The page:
A living will, also known as an advance directive, describes your wishes for medical care at the end of your life. It deals specifically with treatments that would prolong your life if you're terminally ill or permanently unconscious with no hope of recovery. The living will only comes into play if you're unable to communicate your wishes yourself.
A living will helps loved ones and health care providers make decisions about treatment. It means your family doesn't have to guess at what you would have wanted. Most states have a standard form for a living will.
Obtaining and removing durable powers of attorney
You can create a durable POA using a POA form online. It must be signed, and depending on your state it may need to be witnessed or notarized. It's helpful to talk to an attorney about your estate planning needs so they can recommend the POAs and other estate planning documents that will work best for your situation.
You might appoint a close friend, adult child, or other relative as your agent. It's important to choose a person you trust completely, since a general POA gives your agent considerable financial powers. The person you designate as your medical POA does not need to be the same person you name to make financial decisions. You can also designate alternate agents in case your first choice is unable to serve. Be sure they're willing to take on the responsibility before you sign a durable POA.
You can revoke a durable POA at any time, as long as you're of sound mind. You should do this in writing. It's also a good idea to notify financial institutions and other businesses that your agent has dealt with. Durable POAs automatically terminate on the death of the person granting the power of attorney.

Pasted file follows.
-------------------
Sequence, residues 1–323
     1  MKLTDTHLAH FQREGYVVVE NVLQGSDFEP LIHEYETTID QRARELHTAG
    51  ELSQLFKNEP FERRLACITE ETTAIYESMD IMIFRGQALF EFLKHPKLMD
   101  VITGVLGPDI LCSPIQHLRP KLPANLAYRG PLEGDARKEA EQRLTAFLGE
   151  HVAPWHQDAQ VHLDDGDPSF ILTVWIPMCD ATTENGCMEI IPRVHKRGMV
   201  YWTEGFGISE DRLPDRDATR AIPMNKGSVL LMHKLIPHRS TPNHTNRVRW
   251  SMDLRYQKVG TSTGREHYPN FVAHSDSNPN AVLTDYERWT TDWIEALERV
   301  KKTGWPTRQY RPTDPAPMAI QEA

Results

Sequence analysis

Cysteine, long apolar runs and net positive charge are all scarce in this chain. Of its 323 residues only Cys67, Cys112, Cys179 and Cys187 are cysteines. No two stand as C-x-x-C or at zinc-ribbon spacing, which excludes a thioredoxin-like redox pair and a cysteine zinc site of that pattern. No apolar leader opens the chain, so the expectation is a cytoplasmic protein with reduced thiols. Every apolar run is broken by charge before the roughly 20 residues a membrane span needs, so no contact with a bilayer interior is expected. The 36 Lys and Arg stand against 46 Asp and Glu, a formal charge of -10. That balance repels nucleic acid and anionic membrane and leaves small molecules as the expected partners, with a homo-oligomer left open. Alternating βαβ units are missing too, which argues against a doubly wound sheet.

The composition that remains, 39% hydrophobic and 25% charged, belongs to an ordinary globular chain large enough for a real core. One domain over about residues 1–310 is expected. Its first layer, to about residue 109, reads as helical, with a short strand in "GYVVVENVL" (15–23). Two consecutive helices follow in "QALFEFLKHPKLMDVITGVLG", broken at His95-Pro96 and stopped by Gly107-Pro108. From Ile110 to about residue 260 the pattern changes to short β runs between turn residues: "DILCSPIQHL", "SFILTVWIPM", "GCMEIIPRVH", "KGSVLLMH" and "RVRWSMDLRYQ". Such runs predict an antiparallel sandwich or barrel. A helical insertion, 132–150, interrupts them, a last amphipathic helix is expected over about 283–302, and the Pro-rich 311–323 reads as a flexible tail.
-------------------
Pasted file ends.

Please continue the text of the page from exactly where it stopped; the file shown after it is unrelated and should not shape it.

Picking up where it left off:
The question of who can override a power of attorney for a loved one is more difficult. If you believe someone is abusing their position as power of attorney, you may be able to go to court to have them removed. An attorney with experience in both estate planning and elder law can help.
What does power of attorney durable mean?
A durable POA gives someone else legal authority to act on your behalf, and it continues in force even if you lose your mental capacity. Financial POAs give your agent financial powers that may include managing your assets, paying bills, and buying and selling real estate. Durable POAs for medical care allow your agent to communicate with doctors and make health care decisions if you are incapacitated and unable to make them yourself.
What does durable mean in legal terms?
“Durable" means a power of attorney continues in effect even if you are incapacitated.
What is the best form of power of attorney?
The best type of power of attorney depends on the reason you need one. If you want a power of attorney to make it more convenient to conduct business temporarily—for example, if you plan to be out of town frequently—then an ordinary power of attorney may suit your needs. But if you are also planning for a possible future where you may not be able to manage your own affairs or make health care decisions, you'll want a durable POA. An estate planning lawyer can advise you and create the POA document that's best for your needs.
What is durable power of attorney in NYS?
In New York State, all powers of attorney are durable unless otherwise stated. A durable health care power of attorney is known as a health care proxy in New York.
The New York power of attorney form also allows you to grant your agent the ability to give gifts or support funds to themselves or other people you designate.
How does a durable power of attorney terminate in New York?
A durable POA in New York terminates on the death of the person granting the power of attorney, unless the power of attorney document specifies a different termination date or event triggering a termination. You can also revoke a New York power of attorney as long as you are not incapacitated.
How long does power of attorney last in California?
You can specify that an ordinary power of attorney will expire on a certain date or after completion of a task. If you sign a durable power of attorney, it will remain in effect until you cancel it or die.